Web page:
Your Babysitter and His/Her Cell Phone
Is it wrong to ask our babysitter to turn their phone off while watching our kids?
© Stephanie Swartz | Dreamstime.com
Mobile phones can be handy, helpful, and a big distraction. While the devastating results of texting and driving are well publicized, the rate of pedestrian accidents blamed on cell distractions has also increased. Other data suggests an increase in minor accidents is a result of daily distractions caused by the use of mobile phones.
For this reason, most employers have policies in place limiting mobile phone access during work hours. Checking email or making a quick call during a work break may be acceptable, but using the phone to tweet about work, take photos of patrons, or messaging friends and surfing social networks is generally forbidden on the job.
Following this precedent, it is completely acceptable to ask your babysitter to refrain from using her cell phone for personal use while working for you. The key is to have clear discussion about your expectations and any exceptions before laying down the rules.
Start your conversation by taking this approach:
Explain your concerns. When your sitter’s eyes are focused on her mobile phone, she is not focused on your children. Let your sitter know that her attention should be focused on your children while she is on duty. “The kids are very active and really need your full attention at all times.”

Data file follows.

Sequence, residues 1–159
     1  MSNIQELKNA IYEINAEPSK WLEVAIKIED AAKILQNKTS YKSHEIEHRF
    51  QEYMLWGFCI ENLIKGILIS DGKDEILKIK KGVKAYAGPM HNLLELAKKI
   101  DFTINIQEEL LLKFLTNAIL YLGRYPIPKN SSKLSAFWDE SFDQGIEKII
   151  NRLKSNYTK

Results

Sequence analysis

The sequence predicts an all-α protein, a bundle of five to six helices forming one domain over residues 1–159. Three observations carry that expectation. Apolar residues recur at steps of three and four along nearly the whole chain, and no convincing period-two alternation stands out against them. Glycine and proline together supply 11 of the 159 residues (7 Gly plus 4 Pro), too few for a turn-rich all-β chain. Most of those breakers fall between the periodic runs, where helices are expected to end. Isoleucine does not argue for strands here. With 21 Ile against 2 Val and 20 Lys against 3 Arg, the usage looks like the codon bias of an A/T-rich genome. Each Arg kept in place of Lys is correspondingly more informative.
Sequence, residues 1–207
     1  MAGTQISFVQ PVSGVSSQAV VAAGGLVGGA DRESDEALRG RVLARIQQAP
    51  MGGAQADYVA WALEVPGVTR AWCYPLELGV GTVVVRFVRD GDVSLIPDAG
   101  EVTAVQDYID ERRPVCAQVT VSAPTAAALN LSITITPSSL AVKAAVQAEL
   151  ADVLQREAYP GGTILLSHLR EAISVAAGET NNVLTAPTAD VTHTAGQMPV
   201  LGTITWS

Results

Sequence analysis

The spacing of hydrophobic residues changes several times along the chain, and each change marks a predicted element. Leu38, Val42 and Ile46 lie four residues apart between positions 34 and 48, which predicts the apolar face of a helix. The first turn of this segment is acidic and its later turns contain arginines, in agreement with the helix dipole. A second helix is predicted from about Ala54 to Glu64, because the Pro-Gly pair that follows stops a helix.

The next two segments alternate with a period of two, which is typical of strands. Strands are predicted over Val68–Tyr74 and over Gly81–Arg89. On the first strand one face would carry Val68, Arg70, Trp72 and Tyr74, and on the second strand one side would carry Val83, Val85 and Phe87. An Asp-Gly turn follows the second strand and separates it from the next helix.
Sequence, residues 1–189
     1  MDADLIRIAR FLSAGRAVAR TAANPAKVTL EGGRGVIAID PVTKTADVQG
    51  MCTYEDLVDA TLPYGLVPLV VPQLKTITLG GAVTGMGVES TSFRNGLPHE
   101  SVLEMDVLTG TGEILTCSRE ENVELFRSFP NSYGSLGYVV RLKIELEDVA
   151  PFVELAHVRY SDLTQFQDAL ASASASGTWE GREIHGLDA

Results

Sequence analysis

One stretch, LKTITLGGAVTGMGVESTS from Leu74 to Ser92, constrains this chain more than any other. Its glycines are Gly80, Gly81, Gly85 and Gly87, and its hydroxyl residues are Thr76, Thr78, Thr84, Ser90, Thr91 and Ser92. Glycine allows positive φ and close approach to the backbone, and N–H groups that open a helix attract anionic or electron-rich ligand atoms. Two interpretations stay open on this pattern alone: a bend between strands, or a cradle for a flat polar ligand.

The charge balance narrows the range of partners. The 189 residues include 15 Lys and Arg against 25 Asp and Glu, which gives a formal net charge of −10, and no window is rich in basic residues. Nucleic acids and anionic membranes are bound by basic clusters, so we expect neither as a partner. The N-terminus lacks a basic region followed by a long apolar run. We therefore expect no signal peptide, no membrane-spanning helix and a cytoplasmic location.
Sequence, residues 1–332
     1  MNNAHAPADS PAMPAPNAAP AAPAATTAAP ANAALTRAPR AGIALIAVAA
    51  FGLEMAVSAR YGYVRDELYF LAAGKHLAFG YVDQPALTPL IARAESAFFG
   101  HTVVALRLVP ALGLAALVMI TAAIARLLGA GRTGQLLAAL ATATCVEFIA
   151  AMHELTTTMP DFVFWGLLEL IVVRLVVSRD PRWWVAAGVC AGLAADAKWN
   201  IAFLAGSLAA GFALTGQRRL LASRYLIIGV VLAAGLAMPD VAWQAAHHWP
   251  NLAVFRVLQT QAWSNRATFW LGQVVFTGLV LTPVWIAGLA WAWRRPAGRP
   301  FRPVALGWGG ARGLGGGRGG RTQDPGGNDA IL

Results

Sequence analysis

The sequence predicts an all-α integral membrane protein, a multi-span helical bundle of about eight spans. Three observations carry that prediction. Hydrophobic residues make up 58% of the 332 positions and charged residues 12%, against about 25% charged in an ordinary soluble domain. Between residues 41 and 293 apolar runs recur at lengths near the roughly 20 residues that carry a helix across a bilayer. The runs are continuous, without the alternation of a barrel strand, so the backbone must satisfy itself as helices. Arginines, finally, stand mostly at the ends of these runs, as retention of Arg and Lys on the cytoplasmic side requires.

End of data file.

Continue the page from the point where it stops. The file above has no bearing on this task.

Understand how teens use their phones. Many will use their phone to listen to music, play games, text, check in on Instagram, and watch movies. Let your sitter know you aren’t just concerned with distractions related to texting or phone calls.
Lay down some guidelines. Discuss specifics so your babysitter understands that calling a parent, playing games, or using the phone to listen to music later in the evening is acceptable, as long as the children are asleep. “Once the children are asleep, I don’t mind if you use your phone to listen to music or check Facebook.”
Outline exceptions. Often, a cell phone can be handy for a babysitter as a resource or in the case of an emergency. Phones can accompany sitters to the park, play dates, or on a bike ride. “That doesn’t mean I expect you to leave your phone behind. Please take it along to the park in case of emergency and don’t hesitate to call me if you have any questions.”
Explain consequences. Let your sitter know that if she or he can’t comply, you will need to find someone else.